Egevang C, Stenhouse IJ, Phillips RA, Petersen A, Fox JW & Silk JRD (2010) Tracking of Arctic Terns Sterna paradisaea reveals longest Animal migration. Proceedings of the National Academy of Sciences of the United States of America, 107, 2078--‐2081.
Frederiksen M (2010) Appendix 1: Seabirds in the North East Atlantic. A review of status, trends and anthropogenic impact. TemaNord, 587, 47–122.
Hawkes LA, Balachandran S, Batbayar N, Butler PJ, Chua B, Douglas DC, Frappell PB, Hou Y,
Milsom WK, Newman SH, Prosser DJ, Sathiyaselvam P, Scott GR, Takekawa JY, Natsagdorj T,
Wikelski M, Witt MJ, Yan B & Bishop CM (2012) The paradox of extreme high altitude migration in bar-headed geese Anser indicus. Proceedings of the Royal Society B 280, 1750
Hawkes LA, Balachandran S, Butler PJ, Frappell PB, Milsom WK, Tseveenmyadag N, Newman S, Scott GR, Sathiyaselvem P, Takekawa JY, Wikelski M & Bishop CM (2011) The trans-Himalayan flights of bar-headed geese. Proceedings of the National Academy of Sciences 108, 9516-9519.
Hawkes LA, Batbayar N, Butler PJ, Chua B, Frappell PB, Milsom WK, Natsagdorj T, Newman SH, Scott GR, Takekawa JY, Witt MJ, Wikelski M & Bishop CM (2017) Do bar-headed geese train for high altitude flights? Integrative and Comparative Biology 57, E285-E285.
Shepard, E.L.C. & Lambertucci, S.A. (2013) From daily movements to population distributions: weather affects competitive ability in a guild of soaring birds. Interface, 10, 30130612.
Shepard, E.L.C. & Lambertucci, S.A. (2013) From daily movements to population distributions: weather affects competitive ability in a guild of soaring birds. Interface, 10, 30130612.
Shepard, E.L.C. & Lambertucci, S.A. (2013) From daily movements to population distributions: weather affects competitive ability in a guild of soaring birds. Interface, 10, 30130612.
Shepard ELC & Lambertucci SA (2013) From daily movements to population distributions: weather affects competitive ability in a guild of soaring seabirds. J Roy Soc Interface 10, 30130612.
Standen J, Wilson C, Vosper S & Clark P (2016) Prediction of local wind climatology from Met Office models: Virtual Met Mast techniques. Wind Energy 20, 411-430.
Walker JS, Jones MW, Laramee RS, Holton MD, Shepard ELC, Williams HJ, Scantlebury DM, Marks NJ, Magowan EA, Maguire IE, Bidder OR, Di Virgilio A & Wilson RP (2015) Prying into the intimate secrets of animal lives; software beyond hardware for comprehensive annotation in ‘Daily Diary’ tags. Mov Ecol 3, 29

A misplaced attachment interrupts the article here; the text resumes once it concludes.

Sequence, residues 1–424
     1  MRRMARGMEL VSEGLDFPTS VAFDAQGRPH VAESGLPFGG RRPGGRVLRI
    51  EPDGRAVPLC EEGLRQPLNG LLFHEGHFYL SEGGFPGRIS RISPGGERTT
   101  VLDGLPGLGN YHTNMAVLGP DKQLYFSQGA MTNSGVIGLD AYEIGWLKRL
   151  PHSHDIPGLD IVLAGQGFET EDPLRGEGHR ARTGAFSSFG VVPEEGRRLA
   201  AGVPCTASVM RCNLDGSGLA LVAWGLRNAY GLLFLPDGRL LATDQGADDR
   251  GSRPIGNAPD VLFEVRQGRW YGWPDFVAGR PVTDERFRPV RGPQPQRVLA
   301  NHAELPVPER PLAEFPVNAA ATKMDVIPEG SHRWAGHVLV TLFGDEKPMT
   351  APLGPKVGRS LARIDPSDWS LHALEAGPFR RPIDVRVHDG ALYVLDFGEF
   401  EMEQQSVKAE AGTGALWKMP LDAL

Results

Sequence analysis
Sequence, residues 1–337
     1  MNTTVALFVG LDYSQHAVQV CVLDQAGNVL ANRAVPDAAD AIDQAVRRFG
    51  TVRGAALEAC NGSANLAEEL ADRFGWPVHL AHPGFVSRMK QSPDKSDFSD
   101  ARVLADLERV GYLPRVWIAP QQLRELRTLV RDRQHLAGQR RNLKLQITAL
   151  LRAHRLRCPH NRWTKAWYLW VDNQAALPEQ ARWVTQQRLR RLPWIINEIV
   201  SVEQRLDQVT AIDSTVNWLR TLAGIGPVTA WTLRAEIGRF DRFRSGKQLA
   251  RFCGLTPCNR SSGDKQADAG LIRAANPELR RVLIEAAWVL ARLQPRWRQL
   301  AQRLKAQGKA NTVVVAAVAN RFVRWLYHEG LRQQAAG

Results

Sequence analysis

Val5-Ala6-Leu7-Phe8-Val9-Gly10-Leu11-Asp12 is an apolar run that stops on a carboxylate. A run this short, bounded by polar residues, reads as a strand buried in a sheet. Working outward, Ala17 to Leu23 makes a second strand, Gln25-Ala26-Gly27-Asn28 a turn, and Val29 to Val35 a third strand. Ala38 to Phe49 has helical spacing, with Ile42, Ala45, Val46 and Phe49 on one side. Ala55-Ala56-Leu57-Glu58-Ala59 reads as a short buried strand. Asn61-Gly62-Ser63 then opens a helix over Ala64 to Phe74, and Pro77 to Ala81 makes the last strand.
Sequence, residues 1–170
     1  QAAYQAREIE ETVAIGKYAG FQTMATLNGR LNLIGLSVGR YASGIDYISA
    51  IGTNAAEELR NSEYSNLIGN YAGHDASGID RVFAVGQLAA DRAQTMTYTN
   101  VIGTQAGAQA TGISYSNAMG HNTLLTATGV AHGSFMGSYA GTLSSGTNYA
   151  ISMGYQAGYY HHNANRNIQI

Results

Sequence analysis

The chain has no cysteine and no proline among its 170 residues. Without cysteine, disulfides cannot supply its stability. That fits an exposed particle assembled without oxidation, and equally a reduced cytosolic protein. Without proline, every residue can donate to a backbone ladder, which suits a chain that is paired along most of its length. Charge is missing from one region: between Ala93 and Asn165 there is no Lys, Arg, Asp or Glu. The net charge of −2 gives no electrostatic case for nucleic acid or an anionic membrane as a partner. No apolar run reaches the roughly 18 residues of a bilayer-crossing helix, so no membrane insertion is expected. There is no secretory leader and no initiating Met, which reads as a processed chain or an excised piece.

How to apply

To apply for this funded studentship, please click and follow the 'Apply Now' button on this webpage.

During the application process you will be asked to upload several documents.  Please note our preferred format is PDF, each file named with your surname and the name of the document, eg. “Smith – CV.pdf”, “Smith – Cover Letter.pdf”, “Smith – Transcript.pdf”.

•       CV
•       Letter of application outlining your academic interests, prior research experience and reasons for wishing to
        undertake the project.
•       Transcript(s) giving full details of subjects studied and grades/marks obtained.  This should be an interim transcript
        if you are still studying.
•       If you are not a national of a majority English-speaking country you will need to submit evidence of your current
        proficiency in English.
You will be asked to name 2 referees as part of the application process however we will not contact these people until the shortlisting stage. Your referees should not be from the prospective supervisory team.

The closing date for applications is midnight on 28th May 2018.  Interviews will be held at the University of Exeter in the week commencing 4th June 2018.

If you have any general enquiries about the application process please email Project-specific queries should be directed to the supervisor.

During the application process, the University may need to make certain disclosures of your personal data to third parties to be able to administer your application, carry out interviews and select candidates.  These are not limited to, but may include disclosures to:
• the selection panel and/or management board or equivalent of the relevant programme, which is likely to include staff from one or more other HEIs;
• administrative staff at one or more other HEIs participating in the relevant programme.
Such disclosures will always be kept to the minimum amount of personal data required for the specific purpose. Your sensitive personal data (relating to disability and race/ethnicity) will not be disclosed without your explicit consent.


Application deadline:28th May 2018
Value:£14,553 per annum for 2017-18
Duration of award:per year
Contact: PGR Enquiries